Since the edit was rejected within 20 seconds, it would have been utterly impossible for anyone to have actually read or considered what I wrote, or what needed correcting.

To be honest, the reviewers really don't need to read what you did. If a reviewer is greeted with a massive wall of text as an edit to an answer, they're almost certainly going to reject it, simply because it's not a valid edit to make.

No only was this rejected, without any notice, message or other communication,

Yes, you don't get a notification; why, I'm not sure. I believe this is by design; why exactly, I don't know. I can speculate, but that's not the main concern here.

all my points were stripped.

Not really; you just never got the points you would have gotten for your edit had it been accepted. Not quite the same thing.

Seems not only a bit harsh, but unproductive. Is it not good to try to encourage users?

It's not harsh at all. You shouldn't get rewarded for an invalid edit. The reward is to encourage valid edits (which may or may not be working, depending on who you ask).

Teach them? Frankly, I can't learn if no one communicates, nor would I think anyone else learn using these methods.

Seems like what you would like here is a notification when an edit has been reviewed. I'm not aware of any feature requests for this, and I'm somewhat skeptical that this would be implemented. Unfortunately, you seem to be stuck with manually checking the results of your reviews.

Clearly communicating what happened to my edited post would be appreciated

You can go to your profile, click on the "activity" tab, click on the "suggestions" box, and look through your edits to see the results of reviews for your edits. There you can find (some) feedback for your edit.

well as why I got slapped with no notice or explanation.

Well, you have your explanation. As for the "No notice" part; unfortunately, I can't provide an authoritative answer about that. You can consider a feature request, but I'm not certain that that would be taken too well.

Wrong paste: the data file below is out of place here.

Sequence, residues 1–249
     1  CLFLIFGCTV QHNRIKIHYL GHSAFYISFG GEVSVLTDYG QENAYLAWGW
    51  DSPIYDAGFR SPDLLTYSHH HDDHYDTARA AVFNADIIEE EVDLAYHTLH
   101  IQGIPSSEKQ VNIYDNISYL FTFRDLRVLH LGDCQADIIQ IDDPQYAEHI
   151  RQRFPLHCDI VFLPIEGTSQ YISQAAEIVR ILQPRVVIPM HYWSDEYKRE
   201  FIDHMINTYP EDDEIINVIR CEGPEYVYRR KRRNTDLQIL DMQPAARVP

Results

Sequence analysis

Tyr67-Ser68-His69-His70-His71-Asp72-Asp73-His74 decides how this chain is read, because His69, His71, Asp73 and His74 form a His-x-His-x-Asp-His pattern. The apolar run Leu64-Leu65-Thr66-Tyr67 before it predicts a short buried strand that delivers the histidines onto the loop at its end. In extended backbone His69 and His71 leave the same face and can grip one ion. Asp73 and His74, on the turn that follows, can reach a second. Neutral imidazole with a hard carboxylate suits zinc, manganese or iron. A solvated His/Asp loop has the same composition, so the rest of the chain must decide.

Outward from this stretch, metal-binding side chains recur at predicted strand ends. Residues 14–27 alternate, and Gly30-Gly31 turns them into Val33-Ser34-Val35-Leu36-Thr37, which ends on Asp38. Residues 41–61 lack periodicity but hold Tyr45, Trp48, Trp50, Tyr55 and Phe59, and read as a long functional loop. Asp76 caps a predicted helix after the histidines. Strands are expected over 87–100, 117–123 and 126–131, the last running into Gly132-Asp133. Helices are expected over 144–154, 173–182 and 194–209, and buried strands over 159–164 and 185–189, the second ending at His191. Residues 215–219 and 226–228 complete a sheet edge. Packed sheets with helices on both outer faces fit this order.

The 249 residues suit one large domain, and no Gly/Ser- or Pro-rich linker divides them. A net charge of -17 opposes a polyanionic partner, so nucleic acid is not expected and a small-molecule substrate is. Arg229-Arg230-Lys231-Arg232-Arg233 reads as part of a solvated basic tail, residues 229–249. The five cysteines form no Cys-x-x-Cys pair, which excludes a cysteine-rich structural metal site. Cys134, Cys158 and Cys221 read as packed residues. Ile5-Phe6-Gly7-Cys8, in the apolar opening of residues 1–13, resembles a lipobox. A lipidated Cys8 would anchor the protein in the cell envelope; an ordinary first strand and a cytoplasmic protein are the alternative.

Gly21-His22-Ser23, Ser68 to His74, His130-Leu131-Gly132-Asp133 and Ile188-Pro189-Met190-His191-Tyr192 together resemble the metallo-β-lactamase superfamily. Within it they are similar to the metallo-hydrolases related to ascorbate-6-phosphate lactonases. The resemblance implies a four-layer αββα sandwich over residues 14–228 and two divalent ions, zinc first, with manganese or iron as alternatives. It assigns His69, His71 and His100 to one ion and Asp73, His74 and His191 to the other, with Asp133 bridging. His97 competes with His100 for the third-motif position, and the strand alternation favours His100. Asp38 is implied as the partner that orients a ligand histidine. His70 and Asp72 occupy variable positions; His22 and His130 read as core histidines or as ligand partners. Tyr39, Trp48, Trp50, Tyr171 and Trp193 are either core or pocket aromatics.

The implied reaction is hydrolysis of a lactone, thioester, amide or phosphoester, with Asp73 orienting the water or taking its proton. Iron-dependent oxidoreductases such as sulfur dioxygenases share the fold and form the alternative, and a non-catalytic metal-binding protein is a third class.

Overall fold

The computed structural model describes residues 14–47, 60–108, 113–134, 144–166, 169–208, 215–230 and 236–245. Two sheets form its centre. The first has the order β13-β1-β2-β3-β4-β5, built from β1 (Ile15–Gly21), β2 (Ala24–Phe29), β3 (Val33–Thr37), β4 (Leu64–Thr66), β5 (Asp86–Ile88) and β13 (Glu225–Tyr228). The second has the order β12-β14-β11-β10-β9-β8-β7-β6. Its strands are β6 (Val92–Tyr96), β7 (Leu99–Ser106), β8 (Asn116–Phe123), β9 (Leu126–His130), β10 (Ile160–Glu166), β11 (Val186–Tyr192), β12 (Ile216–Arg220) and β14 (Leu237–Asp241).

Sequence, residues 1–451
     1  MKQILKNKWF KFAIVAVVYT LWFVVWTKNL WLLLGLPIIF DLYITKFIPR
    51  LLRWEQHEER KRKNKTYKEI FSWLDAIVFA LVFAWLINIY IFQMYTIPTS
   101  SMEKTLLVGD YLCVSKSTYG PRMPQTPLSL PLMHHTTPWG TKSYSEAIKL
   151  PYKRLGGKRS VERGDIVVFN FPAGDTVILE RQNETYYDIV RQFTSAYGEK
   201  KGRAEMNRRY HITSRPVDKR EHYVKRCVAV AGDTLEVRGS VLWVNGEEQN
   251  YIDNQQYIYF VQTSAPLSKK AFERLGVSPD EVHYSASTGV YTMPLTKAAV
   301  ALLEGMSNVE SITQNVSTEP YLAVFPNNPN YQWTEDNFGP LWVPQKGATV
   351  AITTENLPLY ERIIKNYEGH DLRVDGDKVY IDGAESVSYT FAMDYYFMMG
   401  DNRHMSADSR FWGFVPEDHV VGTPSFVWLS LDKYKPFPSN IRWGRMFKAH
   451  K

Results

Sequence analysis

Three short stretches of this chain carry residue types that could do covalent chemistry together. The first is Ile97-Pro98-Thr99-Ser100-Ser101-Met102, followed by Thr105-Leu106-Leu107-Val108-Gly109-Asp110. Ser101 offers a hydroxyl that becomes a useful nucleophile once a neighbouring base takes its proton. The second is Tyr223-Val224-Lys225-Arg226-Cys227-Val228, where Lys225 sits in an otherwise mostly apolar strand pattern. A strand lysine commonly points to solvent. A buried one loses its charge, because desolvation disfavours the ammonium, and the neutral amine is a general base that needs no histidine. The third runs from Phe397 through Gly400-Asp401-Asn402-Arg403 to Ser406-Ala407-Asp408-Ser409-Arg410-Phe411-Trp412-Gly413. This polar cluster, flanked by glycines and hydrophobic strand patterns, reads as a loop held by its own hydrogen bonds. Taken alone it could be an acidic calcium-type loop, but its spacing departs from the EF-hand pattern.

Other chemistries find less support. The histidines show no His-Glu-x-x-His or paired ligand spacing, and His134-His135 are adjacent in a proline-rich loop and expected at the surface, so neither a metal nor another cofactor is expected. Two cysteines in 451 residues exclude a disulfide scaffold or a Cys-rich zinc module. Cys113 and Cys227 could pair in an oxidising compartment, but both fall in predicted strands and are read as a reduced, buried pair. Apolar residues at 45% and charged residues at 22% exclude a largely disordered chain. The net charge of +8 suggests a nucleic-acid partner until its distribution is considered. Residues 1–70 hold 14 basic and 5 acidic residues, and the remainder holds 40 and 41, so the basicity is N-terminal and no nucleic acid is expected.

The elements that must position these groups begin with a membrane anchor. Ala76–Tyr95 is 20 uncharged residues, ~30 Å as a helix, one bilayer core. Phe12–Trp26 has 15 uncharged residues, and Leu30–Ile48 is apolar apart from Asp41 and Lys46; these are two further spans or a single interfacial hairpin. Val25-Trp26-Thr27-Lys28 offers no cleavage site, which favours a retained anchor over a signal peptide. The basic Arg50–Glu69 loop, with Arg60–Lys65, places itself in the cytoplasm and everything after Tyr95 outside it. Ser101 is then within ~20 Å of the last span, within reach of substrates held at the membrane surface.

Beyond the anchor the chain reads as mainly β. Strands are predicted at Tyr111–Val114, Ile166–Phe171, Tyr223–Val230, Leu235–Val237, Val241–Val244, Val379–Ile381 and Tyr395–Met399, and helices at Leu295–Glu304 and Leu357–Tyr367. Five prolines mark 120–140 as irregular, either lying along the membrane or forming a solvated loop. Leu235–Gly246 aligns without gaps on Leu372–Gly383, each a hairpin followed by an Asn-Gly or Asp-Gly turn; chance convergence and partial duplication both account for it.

That being said, sorry to hear that you ended up wasting a lot of your time. As I said before, major "edits" like that would more properly go into their own answer. However, as you probably noticed the question is closed. Why?

To prevent things just like this from happening.

While your edit would have made the answer correct at the moment, eventually your answer would have met the exact same fate as the answer you tried to edit. Allowing this would result in some wild inconsistencies across the site ("Why is this question hideously outdated, while this question is always up-to-date?"), and in general isn't too productive without constant care, which isn't likely to happen outside of the most common questions, damaging the quality of the site.

As the question has now been deleted, it's a bit of a moot point. But please don't take this personally; take it as a learning experience. Just a few pieces of advice (with thanks to Ken White):

  • Edits should not make substantial changes to content/message/etc.